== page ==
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New rules for B.C. youth aging out of government care go into effect April 1

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File photo of Canadian money. File / Global News

Youth transitioning out of government care will get some good financial news on April 1, the date when the cost of living usually kicks up a notch as some government fees increase, such as B.C. Hydro rates and carbon tax.

Changes to the Agreements with Young Adults (AYA) program, which assists former youth in care who attend approved educational, vocational, life skills or rehabilitation programs, increase funding and add another year to the eligible age limit.

Starting next month, maximum monthly funding will increase from $1,000 to $1,250. As well, funding will be extended to cover the full calendar year instead of simply when school was in session.

READ MORE: B.C. boosts rent, child care and health care support for former youth in care

In addition, the age limit for eligibility will increase by one year to include youth up until the day of their 27th birthday. This is the second increase of age eligibility in two years- it was capped at 24 years of age three years ago.

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B.C.’s Representative for Children and Youth said it’s a step forward, but the AYA program needs to be tweaked.

“Clearly it’s a positive move, but the ministry has to improve the way it manages these funds and the ways in which it supports youth aging out of care,” Bernard Richard told Global News.

“Certainly, I don’t want to be negative, I think overall it’s a positive development, but there is lots of work to do from my perspective.”

Despite the extra cash, Richard said it does for little for those living in areas where housing prices are soaring.

“Certainly the costs of housing is a big factor and that’s another issue that we hear a lot about. So that increase of about 25 per cent per year will certainly help in that regard. But likely, if you’re living in the Lower Mainland or Kelowna, it’s probably not even sufficient,” he said.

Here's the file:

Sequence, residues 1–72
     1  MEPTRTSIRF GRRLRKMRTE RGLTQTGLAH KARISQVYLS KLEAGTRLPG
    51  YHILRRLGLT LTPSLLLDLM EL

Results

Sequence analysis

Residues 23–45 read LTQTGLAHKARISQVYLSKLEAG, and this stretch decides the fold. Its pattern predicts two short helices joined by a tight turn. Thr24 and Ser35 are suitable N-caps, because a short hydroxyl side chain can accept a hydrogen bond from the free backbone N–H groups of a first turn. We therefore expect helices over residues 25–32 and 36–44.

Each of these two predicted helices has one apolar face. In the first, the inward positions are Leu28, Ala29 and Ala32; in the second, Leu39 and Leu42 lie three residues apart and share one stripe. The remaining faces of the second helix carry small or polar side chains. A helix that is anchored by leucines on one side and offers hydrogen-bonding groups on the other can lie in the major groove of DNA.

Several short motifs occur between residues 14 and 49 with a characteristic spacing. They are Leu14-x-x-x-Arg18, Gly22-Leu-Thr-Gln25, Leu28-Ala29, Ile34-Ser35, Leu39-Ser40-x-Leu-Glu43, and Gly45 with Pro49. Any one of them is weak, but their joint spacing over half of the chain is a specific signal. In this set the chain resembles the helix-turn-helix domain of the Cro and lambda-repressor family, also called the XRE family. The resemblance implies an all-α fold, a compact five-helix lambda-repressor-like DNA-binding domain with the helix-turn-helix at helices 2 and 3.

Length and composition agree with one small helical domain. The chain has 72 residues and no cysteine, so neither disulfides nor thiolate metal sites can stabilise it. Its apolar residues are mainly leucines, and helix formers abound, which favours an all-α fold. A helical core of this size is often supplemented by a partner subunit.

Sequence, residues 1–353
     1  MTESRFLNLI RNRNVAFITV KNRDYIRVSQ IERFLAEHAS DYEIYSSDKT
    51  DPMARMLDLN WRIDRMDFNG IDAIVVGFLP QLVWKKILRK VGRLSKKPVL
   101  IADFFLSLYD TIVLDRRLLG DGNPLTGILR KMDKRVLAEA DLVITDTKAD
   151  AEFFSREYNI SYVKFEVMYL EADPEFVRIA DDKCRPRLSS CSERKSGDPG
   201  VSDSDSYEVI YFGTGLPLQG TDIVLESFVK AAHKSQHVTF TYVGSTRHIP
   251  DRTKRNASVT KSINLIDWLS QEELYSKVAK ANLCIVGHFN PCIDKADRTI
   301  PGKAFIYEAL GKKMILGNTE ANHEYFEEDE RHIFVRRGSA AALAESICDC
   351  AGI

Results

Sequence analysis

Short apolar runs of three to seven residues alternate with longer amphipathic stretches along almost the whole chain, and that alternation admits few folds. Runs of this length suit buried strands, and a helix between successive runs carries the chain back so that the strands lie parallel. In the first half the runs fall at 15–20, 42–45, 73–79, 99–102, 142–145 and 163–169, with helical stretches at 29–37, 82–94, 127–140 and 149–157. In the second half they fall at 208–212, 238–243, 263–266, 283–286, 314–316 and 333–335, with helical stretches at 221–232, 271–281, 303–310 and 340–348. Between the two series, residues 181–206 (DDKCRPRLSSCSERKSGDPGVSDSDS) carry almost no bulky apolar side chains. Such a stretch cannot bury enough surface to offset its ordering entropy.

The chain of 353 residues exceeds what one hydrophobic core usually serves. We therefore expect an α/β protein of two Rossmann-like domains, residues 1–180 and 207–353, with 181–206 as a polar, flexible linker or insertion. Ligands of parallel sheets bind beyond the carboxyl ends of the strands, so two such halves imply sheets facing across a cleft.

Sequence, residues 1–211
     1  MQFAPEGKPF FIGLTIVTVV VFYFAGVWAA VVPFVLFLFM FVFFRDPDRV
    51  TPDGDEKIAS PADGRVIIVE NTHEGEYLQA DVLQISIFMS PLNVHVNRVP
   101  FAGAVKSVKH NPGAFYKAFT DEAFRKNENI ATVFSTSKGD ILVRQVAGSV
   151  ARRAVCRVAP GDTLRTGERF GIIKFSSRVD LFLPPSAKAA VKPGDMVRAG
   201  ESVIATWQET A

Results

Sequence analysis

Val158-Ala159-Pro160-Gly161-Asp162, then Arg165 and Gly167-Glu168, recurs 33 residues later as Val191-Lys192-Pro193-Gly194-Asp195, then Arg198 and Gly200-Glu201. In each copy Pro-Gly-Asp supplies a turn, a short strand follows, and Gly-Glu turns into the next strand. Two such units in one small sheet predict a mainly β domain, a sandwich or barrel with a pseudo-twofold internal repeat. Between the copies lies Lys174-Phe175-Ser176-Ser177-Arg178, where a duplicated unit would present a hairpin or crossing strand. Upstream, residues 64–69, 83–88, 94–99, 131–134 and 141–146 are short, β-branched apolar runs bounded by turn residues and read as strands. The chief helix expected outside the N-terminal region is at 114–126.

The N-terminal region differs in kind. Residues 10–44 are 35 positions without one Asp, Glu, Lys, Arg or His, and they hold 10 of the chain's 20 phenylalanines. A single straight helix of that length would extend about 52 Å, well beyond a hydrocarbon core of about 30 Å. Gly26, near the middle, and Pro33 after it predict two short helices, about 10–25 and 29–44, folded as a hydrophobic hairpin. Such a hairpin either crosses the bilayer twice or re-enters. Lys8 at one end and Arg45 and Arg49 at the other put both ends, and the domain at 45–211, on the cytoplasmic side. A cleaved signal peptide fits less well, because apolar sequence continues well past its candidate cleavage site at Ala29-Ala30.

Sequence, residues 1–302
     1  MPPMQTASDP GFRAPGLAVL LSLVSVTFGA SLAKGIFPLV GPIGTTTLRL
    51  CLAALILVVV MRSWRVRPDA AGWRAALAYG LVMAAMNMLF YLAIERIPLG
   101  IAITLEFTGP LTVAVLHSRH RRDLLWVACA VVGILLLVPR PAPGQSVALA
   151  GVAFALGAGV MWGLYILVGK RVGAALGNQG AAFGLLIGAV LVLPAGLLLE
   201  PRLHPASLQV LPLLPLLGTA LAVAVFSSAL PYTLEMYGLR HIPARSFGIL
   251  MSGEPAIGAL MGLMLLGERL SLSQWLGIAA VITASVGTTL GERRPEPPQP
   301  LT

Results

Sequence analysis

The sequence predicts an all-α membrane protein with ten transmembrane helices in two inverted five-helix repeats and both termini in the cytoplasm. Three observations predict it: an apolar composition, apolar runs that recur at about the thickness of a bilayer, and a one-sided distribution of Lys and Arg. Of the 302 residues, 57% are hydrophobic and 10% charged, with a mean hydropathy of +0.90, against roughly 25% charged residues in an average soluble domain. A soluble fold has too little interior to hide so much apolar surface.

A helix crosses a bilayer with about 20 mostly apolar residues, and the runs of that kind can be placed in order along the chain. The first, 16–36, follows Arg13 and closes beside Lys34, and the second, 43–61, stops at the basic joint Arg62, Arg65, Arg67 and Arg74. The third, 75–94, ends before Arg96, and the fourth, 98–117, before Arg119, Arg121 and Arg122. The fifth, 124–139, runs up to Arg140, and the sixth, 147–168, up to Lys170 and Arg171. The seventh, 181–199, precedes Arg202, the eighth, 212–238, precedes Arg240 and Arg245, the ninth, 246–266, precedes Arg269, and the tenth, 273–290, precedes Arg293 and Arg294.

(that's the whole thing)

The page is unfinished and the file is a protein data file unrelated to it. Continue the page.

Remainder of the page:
He also said he’d like to see the amount of time extended from two years to something a little longer and that only a fraction of those eligible for the program take advantage of it.

The issue of how best to serve young people transitioning out of government care has been a source of tension for years between the independent Children and Youth Representative office and the provincial government, especially under the former B.C. Liberal administration.

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Former representative Mary-Ellen Turpel-Lafond was harshly critical of the former government’s performance on this issue, and current representative Bernard Richard lists the issue as one of his top three areas of needed improvement in the children in care system.

Under pressure from Turpel-Lafond, the former B.C. Liberal government agreed to waive tuition fees for young people transitioning out of government care at 11 post-secondary institutions, and last September the current NDP government expanded that waiver to include the province’s entire 25 institutions.

READ MORE: BC NDP expands tuition waiver for former youth in care

Roughly 900 young people age out of government care (once they turn 19 years of age) every year. The NDP government has promised to spend $30 million over the next three years to enhance and expand the AYA program.

With files from Kyle Benning